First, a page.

Disc brake road bikes are simply road
bikes that come with disc brake technology. Having been used on mountain
bikes for many years, this disc brake technology is now being used on Road Bikes. And not just high end models
as brands have identified the advantages for all road riders.
With the trickle down affect, this technology is now appearing on entry level road bikes. Our buying guide to disc
brake road bikes will help you decide on the best bike for your needs.
What is the Difference Between Traditional Rim Brakes and Disc Brakes?
The new kid on the block
Rim brakes have been the defacto standard for many years, with the braking force as the name suggests applied to the
wheel rim. The brake calipers clamp to
the rim and the force applied allows you to slow or stop altogether. With disc brakes the force is moved away from
the rim to a dedicated braking area, namely a separate rotor fixed to the wheel hub.
The obvious difference is the wheel rim serves as an integral component of the wheel, an area that the tyre is fixed
to and then your braking force applied to. With disc brakes this force is applied to a different, smaller area.
How are disc brakes operated on a road bike?
The other major difference is how the brakes are operated. Rim brakes are connected from the lever to the caliper by
a cable. You pull on the lever and this in turn pulls the cable which closes the caliper on the rim. The majority of
disc brake bikes available use a hydraulic braking system. The cable system is replaced by a hose connecting the
lever and the brake which is filled with non-compressible fluid. So when the lever is pulled the pressure forces the
fluid into the caliper.
This has the effect of pushing the pistons in and the caliper outwards, making the brake pads grip the rotor. A more
affordable version of disc brake technology is the cable activated option. Rather than using hydraulic fluid to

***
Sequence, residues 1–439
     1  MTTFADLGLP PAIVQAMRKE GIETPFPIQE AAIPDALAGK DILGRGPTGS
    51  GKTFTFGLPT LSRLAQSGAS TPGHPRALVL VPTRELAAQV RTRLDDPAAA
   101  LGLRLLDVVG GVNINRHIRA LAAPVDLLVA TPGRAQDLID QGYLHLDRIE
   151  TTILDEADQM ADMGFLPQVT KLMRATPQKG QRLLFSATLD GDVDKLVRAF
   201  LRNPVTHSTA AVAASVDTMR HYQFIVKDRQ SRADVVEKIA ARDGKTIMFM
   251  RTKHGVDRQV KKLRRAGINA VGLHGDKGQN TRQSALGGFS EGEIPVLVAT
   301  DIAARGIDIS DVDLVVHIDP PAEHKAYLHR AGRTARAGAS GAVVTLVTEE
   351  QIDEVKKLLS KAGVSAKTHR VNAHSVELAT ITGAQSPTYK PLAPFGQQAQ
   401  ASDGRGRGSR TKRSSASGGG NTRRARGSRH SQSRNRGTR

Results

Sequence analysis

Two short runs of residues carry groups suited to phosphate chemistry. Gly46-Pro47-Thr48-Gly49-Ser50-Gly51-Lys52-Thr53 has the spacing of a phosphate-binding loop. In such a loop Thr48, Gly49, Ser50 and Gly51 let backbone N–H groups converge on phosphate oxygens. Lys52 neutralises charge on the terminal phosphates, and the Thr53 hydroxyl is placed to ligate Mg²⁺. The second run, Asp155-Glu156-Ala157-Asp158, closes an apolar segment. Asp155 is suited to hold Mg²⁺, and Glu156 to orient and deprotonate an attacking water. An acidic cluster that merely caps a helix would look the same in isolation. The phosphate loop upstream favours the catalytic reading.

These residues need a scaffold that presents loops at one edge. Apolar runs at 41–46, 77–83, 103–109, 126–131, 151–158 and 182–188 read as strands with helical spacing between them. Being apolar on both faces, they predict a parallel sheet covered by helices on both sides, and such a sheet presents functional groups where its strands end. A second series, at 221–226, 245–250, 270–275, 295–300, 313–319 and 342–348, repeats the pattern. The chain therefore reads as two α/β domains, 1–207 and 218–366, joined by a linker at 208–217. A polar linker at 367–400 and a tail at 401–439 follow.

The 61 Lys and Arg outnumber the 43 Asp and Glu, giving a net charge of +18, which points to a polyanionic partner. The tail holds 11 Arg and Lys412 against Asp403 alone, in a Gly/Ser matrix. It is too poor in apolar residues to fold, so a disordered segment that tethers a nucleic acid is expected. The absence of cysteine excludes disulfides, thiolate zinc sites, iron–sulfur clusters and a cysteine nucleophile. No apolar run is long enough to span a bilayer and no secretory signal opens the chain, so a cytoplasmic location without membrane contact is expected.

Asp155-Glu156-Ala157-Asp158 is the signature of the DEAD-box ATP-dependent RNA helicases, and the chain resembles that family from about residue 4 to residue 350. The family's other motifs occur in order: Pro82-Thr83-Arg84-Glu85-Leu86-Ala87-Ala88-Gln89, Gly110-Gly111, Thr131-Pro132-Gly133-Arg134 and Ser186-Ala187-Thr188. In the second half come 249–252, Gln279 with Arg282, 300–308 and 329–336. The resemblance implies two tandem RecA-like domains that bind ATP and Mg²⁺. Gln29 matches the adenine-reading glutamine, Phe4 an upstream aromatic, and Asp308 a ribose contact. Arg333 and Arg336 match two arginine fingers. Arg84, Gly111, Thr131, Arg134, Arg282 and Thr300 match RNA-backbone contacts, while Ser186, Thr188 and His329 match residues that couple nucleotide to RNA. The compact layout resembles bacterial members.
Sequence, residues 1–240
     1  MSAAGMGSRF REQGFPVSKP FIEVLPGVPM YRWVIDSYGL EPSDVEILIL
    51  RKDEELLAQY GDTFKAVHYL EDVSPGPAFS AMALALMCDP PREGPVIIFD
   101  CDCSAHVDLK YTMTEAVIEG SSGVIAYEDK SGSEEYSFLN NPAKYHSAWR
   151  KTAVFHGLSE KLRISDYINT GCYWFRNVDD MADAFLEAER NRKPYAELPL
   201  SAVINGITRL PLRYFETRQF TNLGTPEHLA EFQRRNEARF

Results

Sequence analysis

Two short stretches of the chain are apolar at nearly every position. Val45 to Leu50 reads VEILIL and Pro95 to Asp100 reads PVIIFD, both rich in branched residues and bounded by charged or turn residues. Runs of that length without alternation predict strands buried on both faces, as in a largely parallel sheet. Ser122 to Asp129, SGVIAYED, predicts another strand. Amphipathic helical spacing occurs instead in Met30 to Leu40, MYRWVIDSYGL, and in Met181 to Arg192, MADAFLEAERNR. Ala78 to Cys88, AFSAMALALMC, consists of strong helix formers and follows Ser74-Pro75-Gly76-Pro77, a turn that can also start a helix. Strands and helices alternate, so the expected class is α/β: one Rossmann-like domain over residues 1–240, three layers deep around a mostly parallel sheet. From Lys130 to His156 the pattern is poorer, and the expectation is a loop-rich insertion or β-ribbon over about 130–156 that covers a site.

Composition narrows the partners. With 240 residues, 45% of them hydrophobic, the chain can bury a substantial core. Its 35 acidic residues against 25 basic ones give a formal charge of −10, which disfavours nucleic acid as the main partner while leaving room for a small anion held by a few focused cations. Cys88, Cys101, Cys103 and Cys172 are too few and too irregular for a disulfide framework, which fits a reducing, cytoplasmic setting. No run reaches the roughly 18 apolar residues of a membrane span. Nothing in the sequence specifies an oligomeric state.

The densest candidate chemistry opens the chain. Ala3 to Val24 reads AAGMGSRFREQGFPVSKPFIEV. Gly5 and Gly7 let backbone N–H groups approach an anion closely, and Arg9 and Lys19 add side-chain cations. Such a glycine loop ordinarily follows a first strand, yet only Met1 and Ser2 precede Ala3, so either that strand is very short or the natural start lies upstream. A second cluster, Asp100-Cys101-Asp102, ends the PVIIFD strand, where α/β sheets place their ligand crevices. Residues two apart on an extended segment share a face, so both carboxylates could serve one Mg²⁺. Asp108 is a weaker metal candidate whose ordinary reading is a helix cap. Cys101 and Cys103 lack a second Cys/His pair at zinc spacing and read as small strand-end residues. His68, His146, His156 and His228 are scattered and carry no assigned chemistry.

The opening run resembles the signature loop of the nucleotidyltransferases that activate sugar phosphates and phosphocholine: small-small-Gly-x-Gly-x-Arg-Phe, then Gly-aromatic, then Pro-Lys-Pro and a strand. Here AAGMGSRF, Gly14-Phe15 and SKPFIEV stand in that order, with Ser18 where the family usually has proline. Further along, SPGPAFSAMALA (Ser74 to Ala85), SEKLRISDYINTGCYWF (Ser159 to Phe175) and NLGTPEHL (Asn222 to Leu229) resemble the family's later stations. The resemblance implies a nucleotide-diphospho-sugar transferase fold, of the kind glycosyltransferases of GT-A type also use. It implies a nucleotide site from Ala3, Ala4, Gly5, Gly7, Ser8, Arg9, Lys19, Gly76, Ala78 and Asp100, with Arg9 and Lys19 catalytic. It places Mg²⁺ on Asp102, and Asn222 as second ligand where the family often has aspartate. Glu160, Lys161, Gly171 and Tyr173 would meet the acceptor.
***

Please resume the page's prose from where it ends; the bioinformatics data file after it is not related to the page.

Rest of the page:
activate the pistons it similar to rim brake as it works using a cable.
Where can I get Disc Brake Road Bikes?
Are disc brakes only available on expensive high end bikes?
No is the short answer. There are more lower priced bikes available using disc brake technology. Disc brake equipped road bikes do not have to be complicated or expensive. The cable activated version has cheaper parts and more widely available parts as there is more compatibility between brands.
There is the additional ease of maintenance at home or on the roadside. Hydraulic versions are more widely available and given the success of this technology on mountain bikes which are generally ridden in conditons far worse than road bikes, that has to be a big plus.
How do Disc Brake Road Bikes Perform?
The most noticeable difference occurs in the amount of effort required to bring your bike to a stop. Disc brakes have the advantage of offering a huge amount of stopping power. In all honestly more than most riders will need but it means less effort is required to bring the bike to a standstill. This would be extremely useful on long descents. With this amount of stopping power it is useful for larger riders or heavier bikes.
Using disc brakes provides the rider with a more even application of braking power so a rider can gauge how much pressure is required in most situations. This last factor can be extremely useful in wet, grimy conditions. With traditional rim brakes, the brake pad has to first displace any water or grime from the road before biting on the rim. This can cause a ‘lag’ before the speed is scrubbed off, which can be a little disconcerting at the best of times. This is more pronounced when using carbon rims.
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